1. What does the word “horror” mean to you?
Anything that entails giving someone a fright. Something twisted or menacing that makes someone tremor at the thought. It’s not always about shock factor for me, but rather an idea—that small inkling at the back of your mind—that makes you doubt what is or isn’t.
2. Why write horror? What draws you to writing in this genre?
I’m not sure that what I write is considered straight horror, but the concept is there. I love creating images that, when someone really thinks about it, can be found gruesome and somewhat disturbing. Even though my books are more on the supernatural side, and a bit quirky in a way, I enjoy mixing a bit of horror with things that are otherwise unbelievable, because I want to open people’s mind. What if these things were possible? How horrifying would it be to see the dead, or to have them entering your body to cross over? What if the impossible were possible?
3. What reactions have you received after telling people that you are a writer of horror? Any interesting anecdotes to share?
For the most part people say: “But you seem so normal and nice,” to which I laugh and laugh until it becomes manic. Sometimes I’m amazed at what my mind comes up with ’cause I’m like: Man, that’s messed up. What is wrong with me? hahaha
4. I always tell the traumatic story of my first viewing of Poltergeist when I was in third grade and how it scarred me for years. Do you have any stories of fears to share? This has been a huge topic on our blog.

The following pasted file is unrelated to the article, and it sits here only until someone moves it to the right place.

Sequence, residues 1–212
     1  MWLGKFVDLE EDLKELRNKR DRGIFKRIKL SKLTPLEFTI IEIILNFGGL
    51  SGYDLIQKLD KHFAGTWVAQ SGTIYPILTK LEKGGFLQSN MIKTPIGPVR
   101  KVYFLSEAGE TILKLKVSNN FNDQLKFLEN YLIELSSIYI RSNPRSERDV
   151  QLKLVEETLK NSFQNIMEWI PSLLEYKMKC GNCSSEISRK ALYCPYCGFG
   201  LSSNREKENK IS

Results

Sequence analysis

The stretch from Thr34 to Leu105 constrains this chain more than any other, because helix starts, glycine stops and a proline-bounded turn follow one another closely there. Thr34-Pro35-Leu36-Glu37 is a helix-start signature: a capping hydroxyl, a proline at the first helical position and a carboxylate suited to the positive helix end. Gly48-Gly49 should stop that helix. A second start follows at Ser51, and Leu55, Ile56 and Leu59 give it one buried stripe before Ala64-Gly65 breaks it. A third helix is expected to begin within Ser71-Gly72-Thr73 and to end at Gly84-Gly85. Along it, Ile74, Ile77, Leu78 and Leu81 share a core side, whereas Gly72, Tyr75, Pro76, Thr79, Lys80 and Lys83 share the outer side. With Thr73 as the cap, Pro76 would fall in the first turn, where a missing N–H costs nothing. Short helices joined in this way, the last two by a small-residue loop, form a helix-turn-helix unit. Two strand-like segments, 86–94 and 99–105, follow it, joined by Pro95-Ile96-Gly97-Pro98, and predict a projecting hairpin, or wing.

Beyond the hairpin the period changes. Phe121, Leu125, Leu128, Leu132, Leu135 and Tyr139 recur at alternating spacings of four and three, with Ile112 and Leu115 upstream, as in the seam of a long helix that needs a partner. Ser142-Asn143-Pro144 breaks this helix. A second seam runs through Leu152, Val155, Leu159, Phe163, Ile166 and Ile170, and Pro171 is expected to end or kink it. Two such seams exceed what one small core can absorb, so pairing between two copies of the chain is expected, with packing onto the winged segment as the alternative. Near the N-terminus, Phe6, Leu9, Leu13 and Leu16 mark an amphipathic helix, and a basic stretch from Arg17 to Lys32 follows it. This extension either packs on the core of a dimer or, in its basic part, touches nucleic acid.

I’ve experienced a lot of frightening things in my life. One in particular I don’t typically share, but there was a time when my friends locked me in a bathroom to play Bloody Mary. It took me years to get over the trauma. In fact, I still hate looking into mirrors when I’m the only one home. Also, I was terrified of Freddy Krueger as a kid. One day I woke up from a nap after a terrible nightmare of him hiding under my blankets, to find a long scratch down my leg that was bleeding profusely. Maybe I did it to myself in my sleep, but as a kid I was like: I’m ruined. That it’s. I’m dead.
5. What is your favorite horror novel? Horror movie? Why?
Honestly, Anna Dressed in Blood gave me the chills, and not many books do this to me. I could say something by Stephen King or something like that, but I’m gonna have to go with Anna. Also, My Sweet Audrina by V.C. Andrews was super creepy to me. Heartbreaking, really. Movie-wise, I’d have to say Sleepaway Camp. That ending… I will never get that out of my head.
6. Where do you get your inspiration from?
It took me a long time to figure that out, but I think a lot of my inspiration comes from Ghost Adventures. I’m so not kidding. And not the guys, necessarily, though I love them. But I mean the paranormal aspect. When I hear those EVPs or see a shadow caught on camera, oh my gosh, it gets my heart going. I love watching that show when I’m alone because once that fear gets going inside of me, my mind starts racing with ideas. So maybe I should say fear itself is my inspiration.
7. We love music here at The Midnight Society, especially when it helps us to write creepy stories. Any songs or playlists you can share that have inspired your writing?
I don’t listen to music when I write, or much of anything for that matter. I’m weird that way, I know.
8. Any writing tips you can share with us?
For the love of all that is holy, just write. Don’t slow down your writing by editing while drafting. Just get those words in and go back to them later. I never, ever edit when I start on a new manuscript. That would drive me crazy.